Grant Project Reaches Beneath the Surface of the Suffolk Water Trail
By David Bearinger
It’s a chilly morning, late October in Suffolk, Virginia, and twenty-five seventh graders are piling onto the deck of the Bea Hayman Clark, a teaching vessel on loan from the Chesapeake Bay Foundation. Karla Smith and John Wass are at the helm, explaining to the teachers how this brief, three-hour introduction to the Nansemond River system will unfold.
The kids, meanwhile, are trying on life-vests, checking out the deck-rigging, or peering over the gunwales at the water below. Amid all the jostling and excited chatter, one boy with a shy smile and watchful eyes—call him Tommy—hangs back, separate from the others, observing it all silently, as if from behind an invisible wall.
After a few last-minute instructions from the captain, the docking lines are loosened and the Bea swings out into Chuckatuck Creek, then north toward the James River. The voyage is under way.
Smith is a retired teacher and she still has the gift. She’s describing to the kids how it wasn’t long ago that waterways were the main roads in Suffolk; how John Smith explored these waters more than 400 years before; and how communities of watermen once thrived here, earning a good living from the once-prolific oyster beds nearby. She’s holding a large, colorful map, and watching these kids’ faces, you can see the lights coming on, one by one. This is a different kind of classroom, and they’re loving it. Tommy is too, in his own way; standing apart, at the edge of the group, listening to every word.
Suffolk is Virginia’s largest independent city by land area, stretching across more than 400 square miles. It’s also the most rural. And the most suffused with water. Along its northern border and reaching deep into the interior, a filigree of lakes, creeks, rivers, and tidal marshes have all shaped the contours of life in Suffolk for 10,000 years—millennia, in fact, before the Jamestown colonists arrived. And ever since.
In 2011, a half-dozen organizations came together to tell Suffolk’s story in a new way. Working at the intersections of ecology and history, this group included the Nansemond River Preservation Alliance (which Smith and Wass cofounded), the CE&H Heritage Foundation (now Suffolk River Heritage), the Suffolk-Nansemond Historical Society, Volvo-Penta, the National Park Service, and the Virginia Foundation for the Humanities, which offered grant support.
The result is a thirty-two-panel fold-out map, the same one Smith’s holding, designed for use by a wide range of people, from tourists to teachers and schoolchildren. One side explores the ecological diversity of Suffolk’s waterways; the other side explores their historical richness. In Suffolk especially, the two are closely linked.
The Suffolk Water Trail Map is designed to help create a sense of place. Connecting our history to the environment will hopefully promote stewardship of both….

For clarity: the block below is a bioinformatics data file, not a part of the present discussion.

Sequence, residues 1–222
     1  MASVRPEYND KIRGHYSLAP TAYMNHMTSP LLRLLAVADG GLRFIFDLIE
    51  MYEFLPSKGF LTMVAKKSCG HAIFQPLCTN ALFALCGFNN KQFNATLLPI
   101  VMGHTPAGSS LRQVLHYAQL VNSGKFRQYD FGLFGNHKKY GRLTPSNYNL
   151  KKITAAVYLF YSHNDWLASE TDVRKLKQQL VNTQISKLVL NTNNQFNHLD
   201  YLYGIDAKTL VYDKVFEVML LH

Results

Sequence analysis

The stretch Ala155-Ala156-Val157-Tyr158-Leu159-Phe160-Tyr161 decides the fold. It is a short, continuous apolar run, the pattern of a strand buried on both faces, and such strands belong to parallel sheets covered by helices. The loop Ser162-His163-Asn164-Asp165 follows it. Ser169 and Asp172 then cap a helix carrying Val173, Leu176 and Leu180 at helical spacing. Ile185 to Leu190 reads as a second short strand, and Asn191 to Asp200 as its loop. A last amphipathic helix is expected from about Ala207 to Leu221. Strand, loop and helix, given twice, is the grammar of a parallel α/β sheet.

– Karla Smith, co-founder Suffolk River Heritage
The Nansemond River widens as it flows north from downtown Suffolk to the James, passing miles of undeveloped shoreline along the way. In 1608, on his second Chesapeake voyage, John Smith sailed eight miles up the river, past a wide peninsula formed by the Nansemond on one side and Chuckatuck Creek on the other. Today, this peninsula is dotted with small villages—places like Crittenden, Eclipse, Chuckatuck—that were once home to watermen who worked the oyster beds out in the James. The oysters are mostly gone now, but the history remains, including the stories of African American watermen and boat builders from Hobson, Sandy Bottom, and Oakland.
In the winter of 1610, when about three-quarters of the Englishmen in Virginia died of starvation or starvation-related diseases, the English tried to force the Nansemond Indians to trade corn stored on Dumpling Island, now a wooded slab of high ground farther upriver. When the Indians refused, lives were lost on both sides, setting the stage for bloodier conflicts to come.
During the Revolutionary War, the crossing at Ferry Point was used by both Benedict Arnold and Lord Cornwallis, and it later became important as a steamboat stop on the route from Suffolk to Norfolk and Newport News.
It’s also said that people living near Cedar and Barrel Points witnessed first-hand the battle of the USS Monitor and the CSS Virginia (constructed from the USS Merrimack) on March 9, 1862.
For sixty years, barges carried marl, used in making cement, from the river’s edge at Lone Star Lakes. The same site is the ancestral home of the Nansemond Indian Tribe.
In 1712, John Constant built a tobacco-rolling house in what is now downtown Suffolk; and directly across from Ferry Point, is the former home of Amadeo Obici, an Italian immigrant who brought Planters Peanuts to Suffolk in 1913.
All this history, and much more, is captured on the Suffolk Water Trails map, along with information on canoe and kayak launch sites, riverine and marsh-land habitat, and native wildlife—from blue crabs to bald cypress, river otters, and Great Blue Heron.
There is no other city in Virginia with so much undeveloped land inside its borders; and no other city comes close to matching the length and diversity of Suffolk’s waterways.
Water and history. The Suffolk Water Trails map is a gateway to both. It’s also a teaching tool. Karla Smith describes it as an “icebreaker.”
A few days after their voyage aboard the Bea, Tommy’s teacher wrote to say she wasn’t sure at first that he should even make the trip, his autism is so severe. Instead, to her surprise, the experience broke down a piece of that invisible wall, leaving him more openly inquisitive, more comfortable with other children and adults than he had ever been.
For Karla Smith and John Wass, says Smith, “This is what we wanted to achieve. This kind of story makes it all worthwhile.”